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5.4.7 Group management – top tips

Top tips

Get to know the needs of everyone in the group. This will help you give them the right level of support

Share clear expectations at the start of a session. Talk about their responsibilities as riders.

Learn names quickly to create a strong relationship with the riders.  

Use positive language that matches each rider’s level of understanding.

Be friendly but firm with the louder, more chatty riders. Make sure everyone knows the rules you have agreed together.

Consider how best to support the quieter riders so they enjoy their training. Try to draw out responses from these riders in a supportive and friendly way. 

Some riders may not be able to communicate verbally and may choose, and feel more comfortable, working with a friend in a pair. They may want to show their understanding through writing or drawing, or use a translator (if training is not being delivered in their first language or they use sign language).

Focus on ‘journey based’ training that gets riders thinking about common trips they could do on their cycles. Include familiar locations and landmarks in your session.

Think about the different ways you can teach to support different styles of learning. You could use pictures and other visual aids.

Ask the school or organiser about their reward and behaviour policy. This could be a useful tool for managing the group and individuals.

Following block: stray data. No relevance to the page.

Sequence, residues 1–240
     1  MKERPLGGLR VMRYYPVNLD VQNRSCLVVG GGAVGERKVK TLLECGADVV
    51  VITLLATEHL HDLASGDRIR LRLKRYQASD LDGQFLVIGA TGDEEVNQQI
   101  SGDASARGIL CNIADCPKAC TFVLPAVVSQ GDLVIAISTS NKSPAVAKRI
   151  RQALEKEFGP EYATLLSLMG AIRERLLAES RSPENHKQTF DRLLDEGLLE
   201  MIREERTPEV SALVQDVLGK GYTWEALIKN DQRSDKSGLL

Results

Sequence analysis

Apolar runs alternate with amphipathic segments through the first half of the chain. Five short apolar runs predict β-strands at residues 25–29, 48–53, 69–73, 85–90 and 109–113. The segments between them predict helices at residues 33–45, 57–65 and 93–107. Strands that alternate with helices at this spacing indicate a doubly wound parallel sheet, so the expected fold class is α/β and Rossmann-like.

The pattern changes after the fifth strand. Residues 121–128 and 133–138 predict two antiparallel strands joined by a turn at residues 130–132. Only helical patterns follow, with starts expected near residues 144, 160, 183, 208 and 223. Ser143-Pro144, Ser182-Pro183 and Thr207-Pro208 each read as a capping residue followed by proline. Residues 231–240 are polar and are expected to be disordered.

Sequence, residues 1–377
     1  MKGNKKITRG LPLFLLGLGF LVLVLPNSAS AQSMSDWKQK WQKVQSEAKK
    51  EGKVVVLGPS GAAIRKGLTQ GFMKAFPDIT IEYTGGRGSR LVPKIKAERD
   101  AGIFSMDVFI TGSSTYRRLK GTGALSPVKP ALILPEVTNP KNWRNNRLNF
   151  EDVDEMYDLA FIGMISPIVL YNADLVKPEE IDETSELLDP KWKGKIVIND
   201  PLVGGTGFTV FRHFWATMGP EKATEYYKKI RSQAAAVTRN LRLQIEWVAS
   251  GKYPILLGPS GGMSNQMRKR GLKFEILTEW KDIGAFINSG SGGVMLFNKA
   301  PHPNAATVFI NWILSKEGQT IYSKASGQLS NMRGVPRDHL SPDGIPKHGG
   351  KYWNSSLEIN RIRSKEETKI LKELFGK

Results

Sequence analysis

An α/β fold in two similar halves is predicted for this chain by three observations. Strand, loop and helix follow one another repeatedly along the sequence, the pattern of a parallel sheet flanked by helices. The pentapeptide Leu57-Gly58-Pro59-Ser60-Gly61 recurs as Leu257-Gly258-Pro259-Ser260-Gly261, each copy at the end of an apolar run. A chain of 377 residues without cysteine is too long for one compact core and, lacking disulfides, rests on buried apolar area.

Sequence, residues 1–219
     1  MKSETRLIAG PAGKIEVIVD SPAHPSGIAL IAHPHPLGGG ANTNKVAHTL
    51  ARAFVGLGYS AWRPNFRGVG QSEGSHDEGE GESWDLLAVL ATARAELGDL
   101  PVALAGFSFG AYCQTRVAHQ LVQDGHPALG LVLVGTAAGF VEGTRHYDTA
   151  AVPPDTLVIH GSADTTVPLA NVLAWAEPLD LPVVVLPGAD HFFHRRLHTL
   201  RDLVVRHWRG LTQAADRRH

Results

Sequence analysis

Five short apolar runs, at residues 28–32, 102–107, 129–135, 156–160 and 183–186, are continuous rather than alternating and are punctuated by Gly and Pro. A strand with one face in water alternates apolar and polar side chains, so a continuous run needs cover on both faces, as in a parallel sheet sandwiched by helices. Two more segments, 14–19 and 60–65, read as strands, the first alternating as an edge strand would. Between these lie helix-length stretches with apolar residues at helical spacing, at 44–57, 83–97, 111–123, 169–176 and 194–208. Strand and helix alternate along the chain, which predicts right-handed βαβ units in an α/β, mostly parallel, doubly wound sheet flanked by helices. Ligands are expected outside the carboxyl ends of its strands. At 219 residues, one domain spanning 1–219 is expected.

Keep things positive and fun! You’re more likely to keep the whole group engaged.

Explain things in bite-sized chunks, using language appropriate for the age group. Try to communicate by showing, rather than telling.

Be aware and plan for different abilities within the group and adapt your activities to suit each rider.

For example, when turning left out of a minor road, some of the group could complete a U-turn and right turn back in, while others could stop after the left turn and walk back on the pavement or crossroad on foot before riding back. 

Be prepared to move the group to another location if it’s too distracting, or if you feel there are not enough opportunities for students to practise what they have learned.

Before any session, gather information about any special educational needs and disabilities/additional learning needs, and find out if there are any behavioural issues (consent forms should have this information). You can then plan your session to make sure it meets everybody’s needs. Be prepared to adjust as you learn more about your riders during the session.